The week of January 16 saw Alan Lovewell (MAIEP ’10) and Oren Frey (MAIEP ’11) successfully launch “Local Catch Monterey Bay” – their new venture combining their love for the ocean with a penchant for practical solutions to real world problems. Local Catch Monterey offers weekly “shares” of fresh, sustainable seafood to members.
17 students from the Monterey Institute are training and preparing to head off around the world as part of the International Professional Service Semester (IPSS) program.
As participants in IPSS, they will be working as junior professional staff members for 6 months with international organizations like the UN and the U.S State Department. The students will also receive credits toward their degree for completing an academic project related to their job assignment.
Monterey Institute students are known worldwide for their ingenuity and practical approach to addressing some of the world’s most pressing problems. It is now easier than ever to support student projects through the newly launched micro-philanthropy platform MontereySTART.
Four projects are currently featured on MontereySTART and they reflect the diverse interests and talents of the Monterey Institute student body:
Just a few years ago, Alfhild Aspelin (MAIEP '12) had no interest in environmental work. So the fact that she is now at the Monterey Institute pursuing a MA in International Environmental Policy is quite amazing.
Alfhild was working in Norway as an oil surveyor. Her job was to make sure operations were carried out as planned for the installation of equipment used in offshore oil production.
The Monterey Bay Aquarium has always been environmentally conscious, but this year they are stepping up efforts to reuse and recycle. As highlighted in a front-page story in the November 29 edition of the Monterey Herald, their search for a qualified expert to spearhead those efforts led them to Michael Seaman (MAIEP ’10), a graduate of the Monterey Institute’s International Environmental Policy program.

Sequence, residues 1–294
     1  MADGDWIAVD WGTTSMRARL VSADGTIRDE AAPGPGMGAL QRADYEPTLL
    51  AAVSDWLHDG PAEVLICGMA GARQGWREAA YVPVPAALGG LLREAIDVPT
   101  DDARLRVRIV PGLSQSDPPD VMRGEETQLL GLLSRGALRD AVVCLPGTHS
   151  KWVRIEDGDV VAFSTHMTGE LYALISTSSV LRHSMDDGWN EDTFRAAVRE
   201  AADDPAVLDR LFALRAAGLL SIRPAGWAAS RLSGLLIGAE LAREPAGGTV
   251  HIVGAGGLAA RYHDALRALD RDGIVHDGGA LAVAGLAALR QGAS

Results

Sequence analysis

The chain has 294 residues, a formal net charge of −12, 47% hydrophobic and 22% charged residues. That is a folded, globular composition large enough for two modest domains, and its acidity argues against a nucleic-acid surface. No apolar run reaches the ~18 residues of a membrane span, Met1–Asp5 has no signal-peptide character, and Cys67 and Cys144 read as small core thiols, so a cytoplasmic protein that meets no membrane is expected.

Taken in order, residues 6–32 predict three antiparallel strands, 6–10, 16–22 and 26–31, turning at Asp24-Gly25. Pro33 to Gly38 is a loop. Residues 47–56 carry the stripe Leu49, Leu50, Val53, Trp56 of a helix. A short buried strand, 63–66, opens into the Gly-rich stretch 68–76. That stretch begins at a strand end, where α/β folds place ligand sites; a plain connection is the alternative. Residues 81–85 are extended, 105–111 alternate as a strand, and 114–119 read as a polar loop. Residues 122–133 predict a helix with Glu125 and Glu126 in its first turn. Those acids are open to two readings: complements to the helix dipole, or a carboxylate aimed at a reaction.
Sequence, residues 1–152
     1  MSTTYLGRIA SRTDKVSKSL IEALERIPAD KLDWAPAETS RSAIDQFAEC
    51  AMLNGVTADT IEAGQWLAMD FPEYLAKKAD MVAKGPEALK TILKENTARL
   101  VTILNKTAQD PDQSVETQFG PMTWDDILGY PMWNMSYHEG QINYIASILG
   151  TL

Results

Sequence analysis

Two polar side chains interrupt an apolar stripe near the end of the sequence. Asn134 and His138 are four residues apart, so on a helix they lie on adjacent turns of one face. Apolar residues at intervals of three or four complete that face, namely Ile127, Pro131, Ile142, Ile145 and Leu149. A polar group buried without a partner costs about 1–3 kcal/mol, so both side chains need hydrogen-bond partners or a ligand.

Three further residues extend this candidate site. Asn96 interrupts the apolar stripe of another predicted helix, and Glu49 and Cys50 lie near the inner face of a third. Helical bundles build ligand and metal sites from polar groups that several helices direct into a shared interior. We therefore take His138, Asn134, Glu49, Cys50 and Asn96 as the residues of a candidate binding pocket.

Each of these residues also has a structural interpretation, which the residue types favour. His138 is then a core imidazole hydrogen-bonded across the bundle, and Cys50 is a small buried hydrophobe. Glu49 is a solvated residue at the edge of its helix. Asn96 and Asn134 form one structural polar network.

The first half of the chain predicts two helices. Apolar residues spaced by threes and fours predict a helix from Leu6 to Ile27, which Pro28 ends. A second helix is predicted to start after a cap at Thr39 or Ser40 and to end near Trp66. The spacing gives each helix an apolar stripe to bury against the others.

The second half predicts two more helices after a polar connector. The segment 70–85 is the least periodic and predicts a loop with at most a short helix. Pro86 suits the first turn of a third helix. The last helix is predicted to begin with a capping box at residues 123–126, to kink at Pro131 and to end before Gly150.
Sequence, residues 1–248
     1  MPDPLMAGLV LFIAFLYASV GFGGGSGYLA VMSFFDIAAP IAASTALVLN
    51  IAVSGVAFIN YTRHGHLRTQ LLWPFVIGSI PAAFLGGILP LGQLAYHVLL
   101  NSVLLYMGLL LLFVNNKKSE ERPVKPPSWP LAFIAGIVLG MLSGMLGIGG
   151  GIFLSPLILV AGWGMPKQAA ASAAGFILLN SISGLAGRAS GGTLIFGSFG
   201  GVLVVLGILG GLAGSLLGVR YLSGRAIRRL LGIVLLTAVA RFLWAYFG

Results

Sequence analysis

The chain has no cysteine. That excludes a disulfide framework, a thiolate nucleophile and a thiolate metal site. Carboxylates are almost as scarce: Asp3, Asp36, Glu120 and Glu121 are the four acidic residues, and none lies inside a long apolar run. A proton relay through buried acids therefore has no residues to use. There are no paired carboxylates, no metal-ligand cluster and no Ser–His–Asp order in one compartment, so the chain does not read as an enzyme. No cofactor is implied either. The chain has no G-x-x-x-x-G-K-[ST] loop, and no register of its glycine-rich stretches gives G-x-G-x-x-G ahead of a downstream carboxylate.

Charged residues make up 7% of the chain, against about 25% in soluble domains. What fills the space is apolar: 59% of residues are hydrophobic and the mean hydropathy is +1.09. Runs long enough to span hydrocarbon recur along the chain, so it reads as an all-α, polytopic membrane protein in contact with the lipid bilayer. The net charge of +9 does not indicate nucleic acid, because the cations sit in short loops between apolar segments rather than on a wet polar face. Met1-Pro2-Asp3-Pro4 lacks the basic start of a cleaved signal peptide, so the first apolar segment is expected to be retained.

It’s hard to think of a more inspiring setting for a day of structured intercultural activities than the natural beauty of Pfeiffer Big Sur State Park in the fall. Every year Professor Peter Grothe invites students in his popular course in intercultural communication—as well as students from all degree programs at MIIS—for an all-day retreat in Big Sur.
On Saturday, October 8, an estimated three hundred people gathered at the Monterey Institute’s downtown campus to participate in a celebration of the 50th anniversary of the Peace Corps. The day began with a screening of the film “An American Idealist: The Story of Sargent Shriver” and continued with panel discussions about the early years of the Peace Corps and the impact of service on careers. After an international tea and coffee reception, guests filled the Irvine Auditorium for a sold-out lecture by renowned author and Returned Peace Corps Volunteer Paul Theroux.
"These projects motivate me to work again on community-based conservation programs."
This summer, as a fellow with the Center for the Blue Economy, Adam worked on sea turtle conservation with Conservation International in Washington D.C. He also visited Ecuador to learn about lobster conservation efforts. Watch this video to learn more about Adam's work.
"I had my dream internship handed to me on a silver platter."
The Monterey Institute of International Studies has launched the MIIS International Friendship Program, matching incoming international students from various degree programs with enthusiastic local families. The program provides a unique opportunity for students and local families to share their cultures and backgrounds with one another and learn something new. The local families are not expected to provide students with a place to stay, but rather to invite students to explore life outside of the campus.